Beckmann and Garrett found that women who were randomly assigned to do perineal massage had a 10% decrease in the risk of tears that required stitches (aka “perineal trauma”), and a 16% decrease in the risk of episiotomy—but these findings were only true for first-time moms.

It is important for you to understand that this is a 10% reduction in relative risk, and relative risk is different than absolute risk. Let me give you an example. Say you are a first-time mom, and let’s pretend your absolute risk of perineal trauma is 50%. A 10% decrease in relative risk means that your absolute risk decreases by 5% (because .5 X .1 = .05). So for you, doing perineal massage reduces your absolute risk of perineal trauma from 50% to 45%.

*As a side note, all of the numbers I am reporting below are changes in relative risk.

Importantly, for second-time moms who had already had a vaginal birth, prenatal perineal massage did not reduce the risk of perineal trauma (any tearing requiring stitches). However, second-time moms who massaged did report a 32% decrease in the risk of ongoing perineal pain at 3 months post-partum.

Surprisingly, Beckmann and Garrett found that the more frequently women used perineal massage, the less likely they were to see any benefits. Women who massaged an average of 1.5 times per week had a 17% reduced risk of perineal trauma and a 17% reduced risk of episiotomy. Women who massaged between 1.5-3.4 times per week had an 8% reduced risk of perineal trauma.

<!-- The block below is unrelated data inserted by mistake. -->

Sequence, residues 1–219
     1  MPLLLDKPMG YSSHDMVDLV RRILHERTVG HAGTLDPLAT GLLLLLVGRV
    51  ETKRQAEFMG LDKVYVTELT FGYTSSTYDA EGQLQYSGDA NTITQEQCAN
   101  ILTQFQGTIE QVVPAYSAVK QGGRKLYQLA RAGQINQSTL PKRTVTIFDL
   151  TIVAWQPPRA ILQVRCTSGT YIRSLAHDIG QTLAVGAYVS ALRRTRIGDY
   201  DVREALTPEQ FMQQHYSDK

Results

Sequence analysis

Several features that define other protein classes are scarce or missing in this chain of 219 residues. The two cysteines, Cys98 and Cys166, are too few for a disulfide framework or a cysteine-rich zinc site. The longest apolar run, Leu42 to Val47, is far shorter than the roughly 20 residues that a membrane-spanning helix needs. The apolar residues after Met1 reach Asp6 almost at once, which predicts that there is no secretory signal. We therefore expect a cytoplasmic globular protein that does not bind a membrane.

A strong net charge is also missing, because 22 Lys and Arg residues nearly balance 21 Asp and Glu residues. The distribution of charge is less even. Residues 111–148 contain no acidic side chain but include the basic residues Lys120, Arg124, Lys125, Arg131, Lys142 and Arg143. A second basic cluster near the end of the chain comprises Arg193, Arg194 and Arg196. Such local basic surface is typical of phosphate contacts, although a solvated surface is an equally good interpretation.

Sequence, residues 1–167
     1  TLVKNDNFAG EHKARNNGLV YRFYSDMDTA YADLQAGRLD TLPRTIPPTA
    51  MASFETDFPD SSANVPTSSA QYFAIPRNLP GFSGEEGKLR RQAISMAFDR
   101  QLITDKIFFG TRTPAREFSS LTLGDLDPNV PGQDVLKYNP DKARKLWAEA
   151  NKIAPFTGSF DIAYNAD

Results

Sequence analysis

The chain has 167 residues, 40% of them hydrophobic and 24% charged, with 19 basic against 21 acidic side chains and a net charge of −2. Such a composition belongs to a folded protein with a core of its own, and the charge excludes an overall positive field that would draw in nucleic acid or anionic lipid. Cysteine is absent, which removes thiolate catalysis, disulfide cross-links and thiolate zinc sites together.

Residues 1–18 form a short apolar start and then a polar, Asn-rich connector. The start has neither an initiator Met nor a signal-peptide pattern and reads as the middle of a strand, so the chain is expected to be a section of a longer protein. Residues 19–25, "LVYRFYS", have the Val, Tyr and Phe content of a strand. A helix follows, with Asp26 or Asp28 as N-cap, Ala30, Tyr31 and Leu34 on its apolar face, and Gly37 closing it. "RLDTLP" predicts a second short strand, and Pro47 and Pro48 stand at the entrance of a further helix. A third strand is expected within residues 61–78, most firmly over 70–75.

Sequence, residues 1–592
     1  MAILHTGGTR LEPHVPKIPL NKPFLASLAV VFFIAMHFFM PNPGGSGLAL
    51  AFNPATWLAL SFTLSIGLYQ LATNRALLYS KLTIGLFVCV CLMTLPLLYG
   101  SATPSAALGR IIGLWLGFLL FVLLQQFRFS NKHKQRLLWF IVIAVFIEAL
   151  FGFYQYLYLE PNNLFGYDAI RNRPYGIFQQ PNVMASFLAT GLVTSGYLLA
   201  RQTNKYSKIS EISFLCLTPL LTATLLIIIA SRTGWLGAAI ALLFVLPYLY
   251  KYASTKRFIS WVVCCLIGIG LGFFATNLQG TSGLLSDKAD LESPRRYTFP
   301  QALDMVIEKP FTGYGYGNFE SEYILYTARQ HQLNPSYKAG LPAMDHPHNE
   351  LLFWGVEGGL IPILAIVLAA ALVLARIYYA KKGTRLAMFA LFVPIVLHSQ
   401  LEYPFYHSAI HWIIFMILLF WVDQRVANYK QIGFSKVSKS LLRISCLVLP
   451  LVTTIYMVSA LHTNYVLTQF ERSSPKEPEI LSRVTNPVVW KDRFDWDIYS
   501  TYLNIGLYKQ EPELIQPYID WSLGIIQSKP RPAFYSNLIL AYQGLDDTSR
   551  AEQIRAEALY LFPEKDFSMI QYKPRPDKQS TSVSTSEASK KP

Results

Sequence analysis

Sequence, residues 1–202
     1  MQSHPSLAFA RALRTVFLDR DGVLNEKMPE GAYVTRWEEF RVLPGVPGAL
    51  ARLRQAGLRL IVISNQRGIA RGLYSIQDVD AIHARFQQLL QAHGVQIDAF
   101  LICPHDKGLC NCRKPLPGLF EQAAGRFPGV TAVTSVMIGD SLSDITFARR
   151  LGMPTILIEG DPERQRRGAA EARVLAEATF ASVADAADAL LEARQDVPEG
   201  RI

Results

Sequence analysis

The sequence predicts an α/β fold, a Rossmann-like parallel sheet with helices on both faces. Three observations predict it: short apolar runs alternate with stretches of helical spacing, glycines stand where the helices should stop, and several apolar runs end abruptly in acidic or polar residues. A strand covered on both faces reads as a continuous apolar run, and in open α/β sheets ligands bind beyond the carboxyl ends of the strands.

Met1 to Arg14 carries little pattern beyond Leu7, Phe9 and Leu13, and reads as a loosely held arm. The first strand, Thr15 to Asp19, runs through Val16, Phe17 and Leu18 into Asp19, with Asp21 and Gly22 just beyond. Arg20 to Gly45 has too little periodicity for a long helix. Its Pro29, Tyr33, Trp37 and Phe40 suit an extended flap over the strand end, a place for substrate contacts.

Interestingly, women who massaged > 3.5 times per week experienced NO benefits and had a longer pushing phase of labor by an average of 10 minutes. So basically the finding was: the less frequent the massage, the better off the outcomes. However, this finding was unexpected, and the researchers had a hard time explaining it. I think we should interpret this result with caution, because in the largest clinical trial on perineal massage (included in Beckmann and Garrett’s review), Labrecque et al. (1999) found that the more often women did the massage, the more likely they were to avoid any tears.

Other results: 

There were no differences between women who did prenatal perineal massage and those who did not with regard to:

  • • First degree tears
  • • Second degree tears
  • • Third or fourth degree trauma
  • • Use of forceps or vacuum during delivery
  • • Sexual satisfaction 3 months post-partum
  • • Pain with sexual intercourse 3 months post-partum
  • • Uncontrolled loss of urine or bowel movements 3 months postpartum

Wait, I’m confused. You say that there was a significant decrease in perineal trauma requiring suturing. But there was no difference in 1st, 2nd, 3rd, or 4th degree tears. How can this be?

It’s important for you to understand that perineal trauma is an “umbrella” category that means all types of trauma requiring stitches, including episiotomies. Perineal massage during pregnancy decreased the overall risk of perineal trauma (the umbrella outcome), but the effect was too weak to see any difference with each of the individual outcomes (first degree, second degree, etc.). Also, the researchers think that the overall decrease in perineal trauma may have been due to the decreased episiotomy rate in the perineal massage group.